The Gardens by the Bay sits on 101 hectares of reclaimed land in the Central region of Singapore. It is without a doubt, the number one tourist attraction in Singapore. There are many attractions in the garden. You would need a whole day to visit them all.
The aim of the garden is to be a “showcase of horticulture and garden artistry that will bring the world of plants to Singapore and present Singapore to the world.”
Because it is such a big place, work in the gardens is ongoing. And to attract returning visitors, there is always something new on the go.
One has to visit the Gardens by the Bay to appreciate the amount of work that had gone into the planning, the attractions, and the maintenance of the place. Words are not adequate enough to describe the garden, and one post is not enough to sum up what the garden has to offer. I will post regularly on my visits to the garden, and introduce the number one tourist attraction in Singapore here. If you are interested to see what the Garden has to offer, or maybe you like gardens, plants and flowers – be sure to follow me on here.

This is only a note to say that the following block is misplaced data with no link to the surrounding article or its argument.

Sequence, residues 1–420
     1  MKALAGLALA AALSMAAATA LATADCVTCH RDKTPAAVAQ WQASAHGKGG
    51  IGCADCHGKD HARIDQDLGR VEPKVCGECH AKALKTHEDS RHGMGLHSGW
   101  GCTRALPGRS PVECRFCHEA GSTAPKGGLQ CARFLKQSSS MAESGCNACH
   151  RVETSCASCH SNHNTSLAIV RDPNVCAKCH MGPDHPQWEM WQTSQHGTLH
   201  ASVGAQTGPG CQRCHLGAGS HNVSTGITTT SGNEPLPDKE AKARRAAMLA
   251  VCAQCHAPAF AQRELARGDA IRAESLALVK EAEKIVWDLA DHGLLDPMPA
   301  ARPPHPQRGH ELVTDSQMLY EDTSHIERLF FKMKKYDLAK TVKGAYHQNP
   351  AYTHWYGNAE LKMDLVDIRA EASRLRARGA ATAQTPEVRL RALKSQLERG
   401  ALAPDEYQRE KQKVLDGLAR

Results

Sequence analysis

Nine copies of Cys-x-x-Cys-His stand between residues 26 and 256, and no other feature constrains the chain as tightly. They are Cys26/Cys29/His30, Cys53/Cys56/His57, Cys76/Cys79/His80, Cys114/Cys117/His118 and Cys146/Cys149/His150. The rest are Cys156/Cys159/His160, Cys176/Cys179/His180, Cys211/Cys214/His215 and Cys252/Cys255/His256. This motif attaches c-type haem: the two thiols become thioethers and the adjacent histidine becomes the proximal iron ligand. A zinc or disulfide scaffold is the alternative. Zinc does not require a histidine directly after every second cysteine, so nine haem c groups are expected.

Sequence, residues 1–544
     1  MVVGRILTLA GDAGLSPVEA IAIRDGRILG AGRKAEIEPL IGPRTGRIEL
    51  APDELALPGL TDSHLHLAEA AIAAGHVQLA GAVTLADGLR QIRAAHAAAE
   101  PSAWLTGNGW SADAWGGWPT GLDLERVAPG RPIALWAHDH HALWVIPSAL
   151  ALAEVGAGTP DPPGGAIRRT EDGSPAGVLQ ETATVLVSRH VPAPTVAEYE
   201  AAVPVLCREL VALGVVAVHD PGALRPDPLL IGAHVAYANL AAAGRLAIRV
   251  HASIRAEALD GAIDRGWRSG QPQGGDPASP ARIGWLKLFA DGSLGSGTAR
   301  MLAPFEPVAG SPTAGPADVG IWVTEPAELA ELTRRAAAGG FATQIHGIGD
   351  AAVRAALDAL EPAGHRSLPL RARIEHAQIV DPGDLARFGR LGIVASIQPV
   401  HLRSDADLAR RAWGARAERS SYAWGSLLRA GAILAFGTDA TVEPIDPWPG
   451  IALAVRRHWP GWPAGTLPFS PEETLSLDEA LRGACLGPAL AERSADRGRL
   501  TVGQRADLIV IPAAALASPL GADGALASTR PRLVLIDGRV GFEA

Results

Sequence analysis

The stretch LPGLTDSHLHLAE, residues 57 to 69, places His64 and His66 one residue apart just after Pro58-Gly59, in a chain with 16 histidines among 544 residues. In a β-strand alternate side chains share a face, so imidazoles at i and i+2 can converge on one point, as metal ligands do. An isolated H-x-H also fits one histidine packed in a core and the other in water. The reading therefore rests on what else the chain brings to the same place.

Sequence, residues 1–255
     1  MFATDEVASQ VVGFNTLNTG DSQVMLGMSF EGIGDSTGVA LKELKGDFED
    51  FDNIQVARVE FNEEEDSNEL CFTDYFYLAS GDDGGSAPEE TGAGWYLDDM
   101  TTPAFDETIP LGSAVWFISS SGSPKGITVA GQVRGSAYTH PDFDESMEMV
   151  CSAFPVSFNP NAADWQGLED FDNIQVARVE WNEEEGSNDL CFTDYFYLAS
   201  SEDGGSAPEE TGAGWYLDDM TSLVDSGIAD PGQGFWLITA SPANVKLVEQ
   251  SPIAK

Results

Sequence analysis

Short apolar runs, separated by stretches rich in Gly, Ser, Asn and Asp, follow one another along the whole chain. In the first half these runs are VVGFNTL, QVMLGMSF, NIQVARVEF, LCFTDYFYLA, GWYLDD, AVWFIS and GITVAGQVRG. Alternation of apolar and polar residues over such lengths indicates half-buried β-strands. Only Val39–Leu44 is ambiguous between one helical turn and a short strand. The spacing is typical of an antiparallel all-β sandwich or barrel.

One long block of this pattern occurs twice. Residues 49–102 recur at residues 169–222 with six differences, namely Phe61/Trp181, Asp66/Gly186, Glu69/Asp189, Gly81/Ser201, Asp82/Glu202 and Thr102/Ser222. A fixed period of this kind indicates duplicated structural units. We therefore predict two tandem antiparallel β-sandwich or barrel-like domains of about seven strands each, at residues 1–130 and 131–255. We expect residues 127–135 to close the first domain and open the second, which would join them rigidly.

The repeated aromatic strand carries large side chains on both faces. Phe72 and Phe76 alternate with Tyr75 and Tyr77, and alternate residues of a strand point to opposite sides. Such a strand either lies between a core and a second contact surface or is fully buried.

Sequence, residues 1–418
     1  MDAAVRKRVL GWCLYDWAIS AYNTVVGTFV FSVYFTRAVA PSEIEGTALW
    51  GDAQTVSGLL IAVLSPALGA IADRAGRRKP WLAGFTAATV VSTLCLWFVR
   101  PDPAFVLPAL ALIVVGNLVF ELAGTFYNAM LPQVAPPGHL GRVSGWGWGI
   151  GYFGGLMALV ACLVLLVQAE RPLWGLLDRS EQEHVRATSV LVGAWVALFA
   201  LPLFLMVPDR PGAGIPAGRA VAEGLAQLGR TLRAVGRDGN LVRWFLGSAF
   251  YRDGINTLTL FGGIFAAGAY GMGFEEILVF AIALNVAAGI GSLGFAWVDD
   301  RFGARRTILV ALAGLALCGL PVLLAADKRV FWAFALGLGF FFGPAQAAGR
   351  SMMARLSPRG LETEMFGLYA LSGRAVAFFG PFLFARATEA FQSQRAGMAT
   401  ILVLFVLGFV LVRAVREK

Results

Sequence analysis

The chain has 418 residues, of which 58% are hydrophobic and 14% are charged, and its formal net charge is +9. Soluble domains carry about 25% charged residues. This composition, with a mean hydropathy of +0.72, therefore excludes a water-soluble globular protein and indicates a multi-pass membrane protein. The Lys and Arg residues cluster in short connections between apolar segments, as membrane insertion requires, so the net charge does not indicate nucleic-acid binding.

Today’s post is on the garden’s surrounding – some of the attractions, and plants found in the gardens.
They are called ‘super trees’. There are 18 of them in the Gardens by the Bay. The base, and ‘trunk’ of the tree are covered in plants, making each tree a vertical garden itself.
Bromeliads at the base of the super trees.
A tram taking visitors around the gardens for a small fee. For some, the ride is included in the tickets to attractions.
The hall outside the Floral Fantasy attraction.
I like the idea of the creepers creating a screen.
Beautiful Thunbergia erecta flower. It is a herbaceous perennial climbing plant.
Gomphrena globosa, commonly known as globe amaranth. What I thought was the flower are actually bracts. Within the flower head, the flowers are small and inconspicuous.
Kapok trees in bloom
I am not sure what these are meant to be. They look like benches. I think the images depict a warning of global warming.
Bronze cast sculpture of a ‘Charging Bull’, by sculptor Anna Chiara Spellini, donated by the Bank of America.
Another bronze cast sculpture of a bull. This one is by sculptor Walter Matia called ‘Magnificent Bull’ - also donated by the Bank of America.
A view of the iconic Marina Bay Sands Hotel from the gardens
More information on the garden HERE